Editor’s Note: With the start of bowhunting season only a couple of months away, you need to start practicing now. Frank Pearson of St. David, Arizona, owner and operator of the Frank Pearson School of Archery (www.frankpearson.com) and nationally-known archery coach, has seen the evolution of the bow from the longbow when he first started shooting and competed with up to today’s modern bows and most-technical bowhunting equipment. If anyone knows archery, and how to help an archer shoot better, you can rely on Pearson. This week Frank will give us practical tips on how to shoot better, whether you are a tournament archer or a bowhunter.
Pearson: One of the biggest problems in archery today is judging distance. This problem was created when archers put sights on their bows. When we were shooting longbows and recurves, we shot instinctively. We looked at the targets we wanted to hit and mentally calculated the arcs of the arrows as they flew from the bows to the targets. We never had to judge distance in terms of yardage. However, to shoot accurately today with sights, fast bows and high-tech equipment, judging distance may be the number-one factor that determines whether or not you make a successful shot on a target, after you’ve successfully set-up a shot routine. When students come to my bowhunting school, especially target archers, they think there’s some trick to estimating distance. One of the terms that they use is to gap their targets with their sights (guesstimate the exact distance between sight pins set at specific ranges). They also think that the archers who consistently win archery tournaments and successfully take deer each season have some kind of devices on their bows that help them better judge distance. But this isn’t what the successful archers are doing.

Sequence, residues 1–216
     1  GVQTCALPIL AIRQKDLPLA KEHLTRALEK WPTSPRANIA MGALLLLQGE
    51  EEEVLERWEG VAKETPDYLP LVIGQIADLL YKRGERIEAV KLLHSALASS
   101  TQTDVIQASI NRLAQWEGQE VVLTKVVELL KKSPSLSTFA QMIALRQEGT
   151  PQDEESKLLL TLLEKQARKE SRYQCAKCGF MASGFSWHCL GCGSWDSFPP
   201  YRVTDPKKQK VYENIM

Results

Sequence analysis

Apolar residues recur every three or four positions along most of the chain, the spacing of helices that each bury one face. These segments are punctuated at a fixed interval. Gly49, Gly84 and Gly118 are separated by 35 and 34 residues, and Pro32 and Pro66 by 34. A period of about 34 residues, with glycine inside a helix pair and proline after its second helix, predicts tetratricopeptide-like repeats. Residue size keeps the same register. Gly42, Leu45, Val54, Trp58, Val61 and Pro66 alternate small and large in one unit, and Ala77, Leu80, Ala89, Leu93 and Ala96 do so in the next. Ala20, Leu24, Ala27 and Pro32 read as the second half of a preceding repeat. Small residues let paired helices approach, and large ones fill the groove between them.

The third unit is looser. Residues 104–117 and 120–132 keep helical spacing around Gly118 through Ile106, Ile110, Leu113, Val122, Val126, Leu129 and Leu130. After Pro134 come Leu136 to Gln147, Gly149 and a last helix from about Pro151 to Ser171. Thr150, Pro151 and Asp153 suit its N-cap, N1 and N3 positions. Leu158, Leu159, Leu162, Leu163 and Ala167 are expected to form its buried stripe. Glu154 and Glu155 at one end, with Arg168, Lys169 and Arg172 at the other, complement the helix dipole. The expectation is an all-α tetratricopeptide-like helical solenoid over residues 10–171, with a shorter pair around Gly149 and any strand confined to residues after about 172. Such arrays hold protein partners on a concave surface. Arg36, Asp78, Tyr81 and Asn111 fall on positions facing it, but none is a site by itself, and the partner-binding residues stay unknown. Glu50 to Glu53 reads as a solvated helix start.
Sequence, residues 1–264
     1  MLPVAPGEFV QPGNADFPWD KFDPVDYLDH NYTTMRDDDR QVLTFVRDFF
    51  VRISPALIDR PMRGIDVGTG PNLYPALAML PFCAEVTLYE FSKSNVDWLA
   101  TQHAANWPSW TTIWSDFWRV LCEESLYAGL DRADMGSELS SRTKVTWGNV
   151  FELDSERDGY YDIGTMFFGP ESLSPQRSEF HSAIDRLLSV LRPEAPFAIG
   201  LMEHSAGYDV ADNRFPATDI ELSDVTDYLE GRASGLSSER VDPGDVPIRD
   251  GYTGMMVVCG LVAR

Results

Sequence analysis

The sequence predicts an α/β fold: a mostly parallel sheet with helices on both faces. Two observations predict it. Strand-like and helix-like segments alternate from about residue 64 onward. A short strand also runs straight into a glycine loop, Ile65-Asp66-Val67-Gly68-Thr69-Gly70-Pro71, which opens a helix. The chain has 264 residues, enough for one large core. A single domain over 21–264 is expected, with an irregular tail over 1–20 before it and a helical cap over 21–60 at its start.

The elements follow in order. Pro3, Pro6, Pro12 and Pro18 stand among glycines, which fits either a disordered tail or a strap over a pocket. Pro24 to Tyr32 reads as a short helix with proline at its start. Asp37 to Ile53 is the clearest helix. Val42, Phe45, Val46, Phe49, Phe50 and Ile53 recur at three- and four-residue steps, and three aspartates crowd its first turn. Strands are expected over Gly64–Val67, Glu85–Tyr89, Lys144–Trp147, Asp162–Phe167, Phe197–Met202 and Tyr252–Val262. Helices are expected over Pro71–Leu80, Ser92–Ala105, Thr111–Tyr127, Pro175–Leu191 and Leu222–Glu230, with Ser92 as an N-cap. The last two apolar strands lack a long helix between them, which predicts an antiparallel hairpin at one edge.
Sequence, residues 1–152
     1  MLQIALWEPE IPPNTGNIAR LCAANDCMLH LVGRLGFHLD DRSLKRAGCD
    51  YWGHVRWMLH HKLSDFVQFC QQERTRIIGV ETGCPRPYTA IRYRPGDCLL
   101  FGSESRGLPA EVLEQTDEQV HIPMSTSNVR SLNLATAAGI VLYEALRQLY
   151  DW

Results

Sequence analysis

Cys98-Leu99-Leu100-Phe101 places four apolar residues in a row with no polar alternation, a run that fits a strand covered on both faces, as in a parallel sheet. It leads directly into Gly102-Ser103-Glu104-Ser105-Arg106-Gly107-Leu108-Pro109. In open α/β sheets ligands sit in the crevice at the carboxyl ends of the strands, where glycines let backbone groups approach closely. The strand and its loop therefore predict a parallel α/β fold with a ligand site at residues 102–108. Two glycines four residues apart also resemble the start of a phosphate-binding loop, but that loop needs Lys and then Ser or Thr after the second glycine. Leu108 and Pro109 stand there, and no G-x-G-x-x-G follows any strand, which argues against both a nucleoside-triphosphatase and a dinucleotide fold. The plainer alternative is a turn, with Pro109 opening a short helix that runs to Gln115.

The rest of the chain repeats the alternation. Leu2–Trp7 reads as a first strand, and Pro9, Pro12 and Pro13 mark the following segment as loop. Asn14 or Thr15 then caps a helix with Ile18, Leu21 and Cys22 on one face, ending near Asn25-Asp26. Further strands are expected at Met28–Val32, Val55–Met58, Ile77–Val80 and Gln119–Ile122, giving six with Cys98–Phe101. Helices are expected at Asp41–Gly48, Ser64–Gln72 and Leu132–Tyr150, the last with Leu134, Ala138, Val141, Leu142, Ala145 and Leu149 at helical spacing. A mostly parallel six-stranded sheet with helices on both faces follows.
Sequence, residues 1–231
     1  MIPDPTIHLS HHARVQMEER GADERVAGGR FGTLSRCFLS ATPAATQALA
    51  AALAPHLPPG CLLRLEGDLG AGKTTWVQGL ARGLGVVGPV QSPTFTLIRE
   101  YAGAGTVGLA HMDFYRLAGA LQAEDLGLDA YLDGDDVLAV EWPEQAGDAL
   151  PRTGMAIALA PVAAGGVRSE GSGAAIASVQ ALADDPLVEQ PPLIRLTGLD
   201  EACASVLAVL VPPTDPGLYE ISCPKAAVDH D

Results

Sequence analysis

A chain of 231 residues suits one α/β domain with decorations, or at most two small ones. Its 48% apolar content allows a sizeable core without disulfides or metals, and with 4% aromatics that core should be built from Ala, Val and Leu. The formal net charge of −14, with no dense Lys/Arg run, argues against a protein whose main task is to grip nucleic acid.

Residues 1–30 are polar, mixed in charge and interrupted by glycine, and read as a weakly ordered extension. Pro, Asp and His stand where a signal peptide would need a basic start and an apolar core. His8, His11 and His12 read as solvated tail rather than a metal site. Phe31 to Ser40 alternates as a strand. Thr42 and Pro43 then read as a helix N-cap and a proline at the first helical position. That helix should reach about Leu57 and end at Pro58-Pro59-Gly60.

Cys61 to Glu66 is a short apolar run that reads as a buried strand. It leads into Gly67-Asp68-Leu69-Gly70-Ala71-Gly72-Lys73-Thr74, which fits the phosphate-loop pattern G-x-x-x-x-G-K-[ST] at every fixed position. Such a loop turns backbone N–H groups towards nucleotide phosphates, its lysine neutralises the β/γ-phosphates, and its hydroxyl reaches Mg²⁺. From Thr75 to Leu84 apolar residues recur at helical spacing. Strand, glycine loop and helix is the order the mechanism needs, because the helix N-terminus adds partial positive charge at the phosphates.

The secret to estimating distance is so old that many people have forgotten how to do it. The way you learn to judge distance to the target is to practice judging distance and then actually measure that distance. Successful tournament archers and bowhunters spend more time practicing judging distance than they do practicing shooting their bows. What I usually tell a person who is just getting started in 3D archery is, “If you want to be a good shooter, carry a range finder with you at all times during the day. Keep looking at objects that you believe to be 30 yards away and guessing that distance. Then take your range finder, look at the target, get the exact distance, and see how far off you are from the actual distance to the target.” Once they learn what 30 yards looks like, they won’t have to guess at that distance any more.
Pearson: The reason for learning what 30 yards looks like is because most 3D targets are set-up no farther away than 45 yards. Once you know what 30 yards look like, then you can much-more-easily determine the distance out to 45 yards or back in to zero. Then you need to next learn to determine 40 yards. If you don’t spend the time to learn those two distances, you may as well not shoot 3D archery. Then you can begin to determine the other distances you need to know to shoot accurately. The real secret to shooting tournament archery or to consistently becoming a successful bowhunter is to spend more time judging distance than you do shooting the bow. In this day and age, and with the equipment we have today, I don’t think a bowhunter should be permitted to hunt unless he carries a range finder with him on the hunt.
Pearson: Most bowhunters only shoot their bow 3 months out of the year. They pick-up their bows the month before hunting season starts and try to get their muscles in shape and their shooting forms perfected. However, they’re not going to be proficient in guessing yardage. Using range finders is legal for archers in every state, and I’d much rather see a hunter have a range finder, use it and be proficient with it, than have a hunter not use a range finder, arrow a deer and not be able to recover it.
To learn much more about bowhunting, get John E. Phillips’ eBooks, print books and audiobooks by going to http://johninthewild.com/books.
Tomorrow: Have Your Bow Tuned and Understand Your Peep Sight